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What is a "HDD sequential spin up" setting?

I am building a SAN 16 Bay. On the LED Board it has an option to turn on or off HDD sequential spin up.

I have 8 x 136GB Seagate Cheetah's 15K RPMs on one raid Card
and 8 x 79G Fujitsu 10K RPMs on the other raid card.

I am running each at raid 10.

Should I enable this or disable this.
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MEATBALLHERO
Asked:
MEATBALLHERO
2 Solutions
 
epichero22Commented:
In normal operation, spinning up a drive is the most energy demanding task. By sequentially spinning up drives an artificial spike in the PSU load can be avoided at the small expense of a few more seconds spin up time.

So, it will put less demand on the PSU.  I would try it and keep it on unless there's a noticeable change in performance.
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DavidCommented:
Turn it on.  If you do not then all drives power up at the same time.  Your power supply MAY not be sufficient to deal with that.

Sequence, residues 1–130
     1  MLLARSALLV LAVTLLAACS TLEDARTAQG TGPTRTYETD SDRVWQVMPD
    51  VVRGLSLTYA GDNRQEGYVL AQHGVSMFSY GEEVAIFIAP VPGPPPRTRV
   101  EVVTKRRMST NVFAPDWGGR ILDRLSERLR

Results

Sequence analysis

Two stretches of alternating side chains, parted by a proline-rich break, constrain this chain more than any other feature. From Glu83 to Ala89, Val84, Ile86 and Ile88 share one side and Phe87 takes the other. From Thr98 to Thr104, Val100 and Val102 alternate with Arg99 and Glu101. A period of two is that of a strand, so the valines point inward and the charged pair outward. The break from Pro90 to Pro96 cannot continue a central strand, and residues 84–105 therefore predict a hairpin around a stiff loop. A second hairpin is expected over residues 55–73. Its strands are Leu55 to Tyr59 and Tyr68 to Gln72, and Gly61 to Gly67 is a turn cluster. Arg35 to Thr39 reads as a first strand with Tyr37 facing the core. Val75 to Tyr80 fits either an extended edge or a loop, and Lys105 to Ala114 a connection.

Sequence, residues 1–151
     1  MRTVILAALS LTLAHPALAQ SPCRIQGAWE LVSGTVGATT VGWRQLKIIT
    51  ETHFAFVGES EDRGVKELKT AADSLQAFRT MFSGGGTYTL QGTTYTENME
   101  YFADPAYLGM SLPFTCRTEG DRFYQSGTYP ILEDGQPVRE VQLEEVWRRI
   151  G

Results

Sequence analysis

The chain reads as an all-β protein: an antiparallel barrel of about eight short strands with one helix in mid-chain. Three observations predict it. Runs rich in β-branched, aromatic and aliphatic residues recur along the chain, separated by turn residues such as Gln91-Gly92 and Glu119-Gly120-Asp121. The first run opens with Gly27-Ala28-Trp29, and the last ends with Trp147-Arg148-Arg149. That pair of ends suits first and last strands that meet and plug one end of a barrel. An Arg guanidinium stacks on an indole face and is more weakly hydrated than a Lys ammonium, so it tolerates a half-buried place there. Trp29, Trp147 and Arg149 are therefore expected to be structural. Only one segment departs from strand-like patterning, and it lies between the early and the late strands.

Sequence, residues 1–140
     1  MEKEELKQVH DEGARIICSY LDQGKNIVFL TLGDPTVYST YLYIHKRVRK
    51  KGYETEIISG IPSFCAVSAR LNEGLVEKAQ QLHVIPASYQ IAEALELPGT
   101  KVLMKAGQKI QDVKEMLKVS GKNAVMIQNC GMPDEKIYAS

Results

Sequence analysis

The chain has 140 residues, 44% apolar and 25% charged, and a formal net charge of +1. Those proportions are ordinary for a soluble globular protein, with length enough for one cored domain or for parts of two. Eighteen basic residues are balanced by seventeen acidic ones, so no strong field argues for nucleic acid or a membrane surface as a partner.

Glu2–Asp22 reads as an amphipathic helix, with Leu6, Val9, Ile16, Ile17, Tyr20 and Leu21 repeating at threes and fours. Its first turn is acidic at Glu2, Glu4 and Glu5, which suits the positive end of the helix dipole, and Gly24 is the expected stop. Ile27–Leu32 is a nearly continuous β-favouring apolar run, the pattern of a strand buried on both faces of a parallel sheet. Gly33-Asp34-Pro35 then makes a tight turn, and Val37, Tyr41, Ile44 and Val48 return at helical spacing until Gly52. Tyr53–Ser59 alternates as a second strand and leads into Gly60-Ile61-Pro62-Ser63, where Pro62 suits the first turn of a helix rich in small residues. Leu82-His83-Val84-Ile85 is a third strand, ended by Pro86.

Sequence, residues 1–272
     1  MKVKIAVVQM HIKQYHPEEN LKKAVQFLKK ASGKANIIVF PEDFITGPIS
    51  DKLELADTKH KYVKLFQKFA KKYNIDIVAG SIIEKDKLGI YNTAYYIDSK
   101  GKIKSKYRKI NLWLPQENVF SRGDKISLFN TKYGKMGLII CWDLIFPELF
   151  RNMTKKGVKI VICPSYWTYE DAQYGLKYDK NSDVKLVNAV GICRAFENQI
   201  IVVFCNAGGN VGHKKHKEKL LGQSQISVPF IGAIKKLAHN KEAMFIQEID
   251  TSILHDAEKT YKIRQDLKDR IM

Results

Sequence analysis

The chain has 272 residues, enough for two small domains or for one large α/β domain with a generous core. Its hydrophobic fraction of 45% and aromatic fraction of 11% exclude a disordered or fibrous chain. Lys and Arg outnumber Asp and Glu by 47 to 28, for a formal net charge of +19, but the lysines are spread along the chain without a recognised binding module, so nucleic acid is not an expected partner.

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Spyder2010Commented:
It depends on your PSU, and whether it is rated to handle the power required to spin up all of your drives at once.  Turning it on, you'll have a lower peak power spike at the cost of a slower boot speed.  So, if it was me, and my PSU was rated to handle the drives in question, I would turn it off.  If the PSU is not intended to handle the power spike, turn it on.

http://forum.qnap.com/viewtopic.php?t=10005
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DavidCommented:
Spyder2010 makes a good point about turning it off if you have the luxury of power, but let me counter that argument with a real-world scenario.

If you live in a place that has power shutdowns and things get turned on automatically due to that, then best practice is to enable spinup control.  That is because whatever UPS or circuit breakers you may also have must be factored in.

Remember the power just doesn't magically appear inside your enclosure PSUs ... something up the food chain has to provide it, and the  reasons that make it good to stagger the load for the enclosure are the same reasons this is good for your circuit breakers and UPS and BBU(s).
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garycaseCommented:
As noted above, it's a tradeoff between power demands and spin-up time.    If you disable it, then ALL of your drives will spin-up at once, and as long as your PSU can support that, you'll be ready-to-go several seconds faster than you would with sequential spin-up.    If it's enabled, the power demands will be much lower, but it will take several seconds (just how long depends on how many disks you have and what the interval is between spin-ups) before your system is ready for use.
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